Not Even the Royal Family Is Safe From the IRS
Did you know there was a wedding in the British royal family recently?
The pageantry! The pomp! The ratings!
From the snippets I saw, there were a lot of guests.
There were ladies in hats the size of small towns. There were military men struggling to stand upright with all the medals on their chests. The bride and groom’s posh friends.
There were even a few Americans, including the bride.
The cameras sought photogenic attendees, but the invisible guests interested me. They were there if you knew where to look.
My mind’s eye spotted one in particular … uninvited, of course … sitting in the metaphorical front row.
It was the Internal Revenue Service…
Marrying Into Money
The recent royal wedding — between an American and a Brit — offers some lessons about how we Americans are taxed when we live and marry abroad.
Her Royal Highness, the Duchess of Sussex, née Meghan Markle, married a British fellow named Prince Harry. He happens to be sixth in line to the British Crown.
He also happens to be fabulously wealthy.
Not that Harry has to work, of course.
He gets about half a million dollars a year from the trust of his mom, Diana, Princess of Wales. (Diana practiced good estate planning.) He also gets a big clothing and travel allowance from his dad, Charles, the Prince of Wales.
He must get a British army pension as well. He served 10 years’ active duty and is a captain in the reserves.
And now it’s all reportable to the IRS.
A Royal Tax Mess
The British royal family keeps its money under wraps. That isn’t easy, because it has a lot of it … about half a billion dollars.
Thanks to the Panama Papers leak, we know that much of it is in offshore trusts on tropical islands like Bermuda and the Cayman Islands. Presumably many of those trusts name Prince Harry as a beneficiary.
Since Prince Harry is now part of the household of a U.S. taxpayer, his financial affairs — and those of the entire royal family — are now reportable to the IRS:
- As long as she is an American citizen, the Duchess of Sussex will have to file a 1040 tax return to the IRS every year, like everyone else. She must report all her worldwide income, including anything she gets from her husband or the royal family.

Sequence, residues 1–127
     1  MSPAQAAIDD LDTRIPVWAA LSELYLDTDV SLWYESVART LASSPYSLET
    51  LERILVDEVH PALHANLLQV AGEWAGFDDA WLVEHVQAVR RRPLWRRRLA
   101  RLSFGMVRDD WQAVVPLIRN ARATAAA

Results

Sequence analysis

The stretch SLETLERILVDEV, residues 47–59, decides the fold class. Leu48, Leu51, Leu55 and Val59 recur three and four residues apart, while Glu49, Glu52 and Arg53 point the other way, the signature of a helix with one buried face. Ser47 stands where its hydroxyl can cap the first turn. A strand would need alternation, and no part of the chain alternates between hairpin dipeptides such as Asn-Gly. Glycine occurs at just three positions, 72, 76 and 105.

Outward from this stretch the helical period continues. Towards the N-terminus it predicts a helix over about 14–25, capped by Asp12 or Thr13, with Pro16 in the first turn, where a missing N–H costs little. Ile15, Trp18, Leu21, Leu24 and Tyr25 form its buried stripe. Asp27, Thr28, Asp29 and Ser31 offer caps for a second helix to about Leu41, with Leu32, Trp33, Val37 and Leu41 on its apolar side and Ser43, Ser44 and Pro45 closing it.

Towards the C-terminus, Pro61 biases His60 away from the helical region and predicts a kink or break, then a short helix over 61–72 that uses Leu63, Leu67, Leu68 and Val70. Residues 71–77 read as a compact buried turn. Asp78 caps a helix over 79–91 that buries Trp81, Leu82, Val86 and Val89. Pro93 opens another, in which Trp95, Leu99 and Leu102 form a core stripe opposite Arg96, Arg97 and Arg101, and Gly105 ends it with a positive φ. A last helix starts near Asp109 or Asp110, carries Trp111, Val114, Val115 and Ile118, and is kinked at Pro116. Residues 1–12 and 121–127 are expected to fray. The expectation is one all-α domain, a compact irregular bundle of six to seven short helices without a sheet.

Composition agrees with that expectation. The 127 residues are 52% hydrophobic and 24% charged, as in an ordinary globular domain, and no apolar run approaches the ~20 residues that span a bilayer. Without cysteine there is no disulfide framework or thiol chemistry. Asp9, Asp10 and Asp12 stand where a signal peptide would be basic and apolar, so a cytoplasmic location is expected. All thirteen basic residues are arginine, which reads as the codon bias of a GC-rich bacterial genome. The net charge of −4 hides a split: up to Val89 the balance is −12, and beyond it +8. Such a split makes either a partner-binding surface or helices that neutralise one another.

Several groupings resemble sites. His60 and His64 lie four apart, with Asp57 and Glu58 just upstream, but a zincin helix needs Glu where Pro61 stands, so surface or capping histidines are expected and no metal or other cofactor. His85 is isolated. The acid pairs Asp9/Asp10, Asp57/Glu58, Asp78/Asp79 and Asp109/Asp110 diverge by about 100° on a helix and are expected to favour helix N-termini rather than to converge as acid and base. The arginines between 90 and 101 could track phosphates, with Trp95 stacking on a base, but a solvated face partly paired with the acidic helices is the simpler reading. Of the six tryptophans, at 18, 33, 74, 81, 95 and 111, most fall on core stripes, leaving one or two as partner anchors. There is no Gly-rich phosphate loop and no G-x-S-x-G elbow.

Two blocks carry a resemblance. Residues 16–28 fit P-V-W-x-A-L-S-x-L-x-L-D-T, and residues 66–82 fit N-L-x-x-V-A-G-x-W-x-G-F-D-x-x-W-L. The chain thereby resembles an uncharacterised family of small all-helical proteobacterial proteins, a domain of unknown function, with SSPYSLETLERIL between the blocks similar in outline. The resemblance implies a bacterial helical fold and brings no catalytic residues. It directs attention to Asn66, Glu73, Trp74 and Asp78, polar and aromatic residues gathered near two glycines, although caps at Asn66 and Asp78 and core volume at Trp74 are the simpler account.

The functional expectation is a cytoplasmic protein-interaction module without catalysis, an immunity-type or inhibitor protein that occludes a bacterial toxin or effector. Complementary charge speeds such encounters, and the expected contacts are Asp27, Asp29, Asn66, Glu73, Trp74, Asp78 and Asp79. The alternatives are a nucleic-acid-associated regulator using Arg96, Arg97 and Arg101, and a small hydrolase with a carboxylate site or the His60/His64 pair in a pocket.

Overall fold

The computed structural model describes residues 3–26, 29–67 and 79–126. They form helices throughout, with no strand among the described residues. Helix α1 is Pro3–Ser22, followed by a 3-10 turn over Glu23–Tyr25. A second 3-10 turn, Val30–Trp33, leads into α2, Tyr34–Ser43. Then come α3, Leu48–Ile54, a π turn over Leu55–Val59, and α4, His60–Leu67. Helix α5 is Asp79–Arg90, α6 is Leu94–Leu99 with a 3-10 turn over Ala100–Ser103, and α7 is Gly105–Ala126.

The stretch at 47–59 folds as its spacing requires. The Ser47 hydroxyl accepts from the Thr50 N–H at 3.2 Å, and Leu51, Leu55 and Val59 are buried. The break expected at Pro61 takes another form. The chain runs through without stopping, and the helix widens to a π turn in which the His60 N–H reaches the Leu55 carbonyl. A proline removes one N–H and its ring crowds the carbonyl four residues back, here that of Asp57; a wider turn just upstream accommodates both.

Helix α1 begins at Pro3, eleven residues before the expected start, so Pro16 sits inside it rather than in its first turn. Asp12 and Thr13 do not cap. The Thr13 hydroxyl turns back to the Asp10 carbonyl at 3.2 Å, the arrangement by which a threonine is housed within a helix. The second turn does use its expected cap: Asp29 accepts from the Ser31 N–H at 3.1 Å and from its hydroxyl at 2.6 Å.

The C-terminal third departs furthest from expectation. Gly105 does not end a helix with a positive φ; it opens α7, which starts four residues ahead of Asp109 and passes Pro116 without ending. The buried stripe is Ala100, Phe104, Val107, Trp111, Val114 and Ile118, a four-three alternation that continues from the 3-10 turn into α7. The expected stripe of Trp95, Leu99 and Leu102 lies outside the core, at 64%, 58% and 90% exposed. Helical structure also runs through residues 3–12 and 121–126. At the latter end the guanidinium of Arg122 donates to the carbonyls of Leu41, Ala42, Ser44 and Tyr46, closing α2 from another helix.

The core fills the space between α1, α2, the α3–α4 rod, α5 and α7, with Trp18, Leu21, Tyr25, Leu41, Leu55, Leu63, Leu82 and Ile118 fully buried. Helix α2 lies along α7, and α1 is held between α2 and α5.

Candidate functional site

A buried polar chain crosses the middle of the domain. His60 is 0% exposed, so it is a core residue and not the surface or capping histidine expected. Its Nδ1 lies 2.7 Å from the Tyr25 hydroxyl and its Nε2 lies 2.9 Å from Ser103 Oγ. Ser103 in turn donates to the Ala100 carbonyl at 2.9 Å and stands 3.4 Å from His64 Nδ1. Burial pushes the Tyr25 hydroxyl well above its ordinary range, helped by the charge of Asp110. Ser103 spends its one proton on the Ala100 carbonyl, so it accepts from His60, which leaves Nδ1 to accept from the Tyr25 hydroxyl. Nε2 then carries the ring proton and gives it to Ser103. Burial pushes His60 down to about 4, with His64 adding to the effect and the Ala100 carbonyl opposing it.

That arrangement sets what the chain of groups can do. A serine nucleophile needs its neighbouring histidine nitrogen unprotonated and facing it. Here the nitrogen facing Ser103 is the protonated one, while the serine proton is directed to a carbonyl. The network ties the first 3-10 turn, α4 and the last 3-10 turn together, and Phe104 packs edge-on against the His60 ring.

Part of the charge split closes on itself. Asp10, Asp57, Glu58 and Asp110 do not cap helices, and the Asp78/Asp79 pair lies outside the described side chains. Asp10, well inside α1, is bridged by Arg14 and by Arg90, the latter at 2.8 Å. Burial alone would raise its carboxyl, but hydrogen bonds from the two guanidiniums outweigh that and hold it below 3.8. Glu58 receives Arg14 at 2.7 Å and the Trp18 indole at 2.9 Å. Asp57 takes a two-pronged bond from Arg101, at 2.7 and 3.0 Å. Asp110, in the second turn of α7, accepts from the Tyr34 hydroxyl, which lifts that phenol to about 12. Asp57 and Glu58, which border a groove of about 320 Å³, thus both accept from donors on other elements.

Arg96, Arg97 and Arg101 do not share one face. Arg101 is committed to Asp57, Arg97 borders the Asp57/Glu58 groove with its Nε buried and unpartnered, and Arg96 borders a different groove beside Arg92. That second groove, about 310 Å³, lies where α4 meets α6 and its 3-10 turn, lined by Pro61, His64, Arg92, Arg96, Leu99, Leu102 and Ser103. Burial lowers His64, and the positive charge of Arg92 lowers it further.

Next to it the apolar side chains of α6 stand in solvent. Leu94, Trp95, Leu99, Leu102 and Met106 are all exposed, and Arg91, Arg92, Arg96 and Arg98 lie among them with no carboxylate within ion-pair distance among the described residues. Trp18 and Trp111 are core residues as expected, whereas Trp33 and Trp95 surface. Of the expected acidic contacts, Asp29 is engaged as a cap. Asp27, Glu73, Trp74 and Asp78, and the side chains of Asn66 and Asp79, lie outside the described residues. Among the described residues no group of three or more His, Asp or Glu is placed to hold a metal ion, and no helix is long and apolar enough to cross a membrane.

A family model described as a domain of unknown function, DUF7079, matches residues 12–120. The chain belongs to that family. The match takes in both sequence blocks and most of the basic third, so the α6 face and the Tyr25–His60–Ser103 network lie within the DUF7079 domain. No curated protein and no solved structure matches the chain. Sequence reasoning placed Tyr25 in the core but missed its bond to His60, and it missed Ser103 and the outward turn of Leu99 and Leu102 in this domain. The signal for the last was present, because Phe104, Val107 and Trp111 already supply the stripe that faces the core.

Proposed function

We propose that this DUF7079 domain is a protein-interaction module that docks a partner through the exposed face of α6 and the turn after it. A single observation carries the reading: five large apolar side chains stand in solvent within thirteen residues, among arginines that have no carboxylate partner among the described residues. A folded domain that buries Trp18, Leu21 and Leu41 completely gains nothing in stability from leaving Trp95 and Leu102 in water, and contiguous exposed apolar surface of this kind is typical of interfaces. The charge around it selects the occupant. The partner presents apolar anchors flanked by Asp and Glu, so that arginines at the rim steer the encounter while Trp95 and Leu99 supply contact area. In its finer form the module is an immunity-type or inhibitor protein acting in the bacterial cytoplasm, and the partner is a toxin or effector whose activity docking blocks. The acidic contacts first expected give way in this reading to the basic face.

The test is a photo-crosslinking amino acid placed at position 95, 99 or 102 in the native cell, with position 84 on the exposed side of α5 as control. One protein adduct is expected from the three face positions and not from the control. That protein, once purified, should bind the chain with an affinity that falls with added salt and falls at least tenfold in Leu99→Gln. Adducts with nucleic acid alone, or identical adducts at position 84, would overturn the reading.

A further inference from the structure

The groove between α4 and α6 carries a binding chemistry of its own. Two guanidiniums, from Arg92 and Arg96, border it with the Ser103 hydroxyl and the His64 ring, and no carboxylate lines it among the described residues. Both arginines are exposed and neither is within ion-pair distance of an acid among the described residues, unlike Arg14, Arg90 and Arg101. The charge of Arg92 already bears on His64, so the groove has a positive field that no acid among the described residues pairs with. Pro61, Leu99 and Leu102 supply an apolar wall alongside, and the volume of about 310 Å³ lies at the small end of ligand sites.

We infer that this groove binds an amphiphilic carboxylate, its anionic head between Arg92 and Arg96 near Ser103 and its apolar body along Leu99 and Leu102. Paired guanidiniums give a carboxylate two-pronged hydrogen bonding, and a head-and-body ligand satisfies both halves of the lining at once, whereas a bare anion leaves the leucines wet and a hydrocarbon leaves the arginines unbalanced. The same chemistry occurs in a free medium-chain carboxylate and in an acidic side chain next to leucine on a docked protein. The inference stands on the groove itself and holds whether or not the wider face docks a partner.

- As a permanent resident of the U.K., Meghan won’t have to pay tax on the first $104,400 of any earned income … such as her salary as a TV star. But she’ll owe U.S. income tax on all her investment income … including anything she gets from Harry and his royal relatives’ trusts.
- Under the Foreign Account Tax Compliance Act (FATCA), she’ll have to file a Form 8938, Statement of Foreign Financial Assets. That must state the total value and details of her foreign financial assets — including any joint accounts she has with Harry, or any financial interest she has in his family’s trusts. That includes those secretive trusts on tropical islands.
- Also under FATCA, all the banks where Meghan and/or Harry have accounts, and all the administrators of trusts in which either of them have an interest, will have to report those details to the IRS … no matter where in the world they are.
If Meghan decides to renounce her U.S. citizenship, as tens of thousands of us do every year, she’ll have to pay tax on her net worth on the day she does so … including her foreign wealth. But under U.K. law she can’t become a citizen for another five years.
That’s five years of IRS reporting … no ifs, ands or buts!
(For more information on offshore bank accounts, click on the YouTube video below.)
The Colonials Strike Back
The United States is an odd country. We’re one of only two that taxes its citizens’ worldwide income. (The other is Eritrea.)
The U.S. is also the only country that demands that other countries enforce our tax laws … even if they contradict their own laws. Any bank or trust administrator that fails to report Meghan and Harry’s wealth to the IRS loses access to the U.S. banking system.
But here is one bright spot. The U.S. is a democratic republic. Our laws apply to everyone, royal or commoner.
That includes you … and if you should decide to live and/or marry abroad, everything I’ve explained here will apply to you, too.
Who knows? Maybe Meghan can recommend a good tax attorney.
Editor, The Bauman Letter
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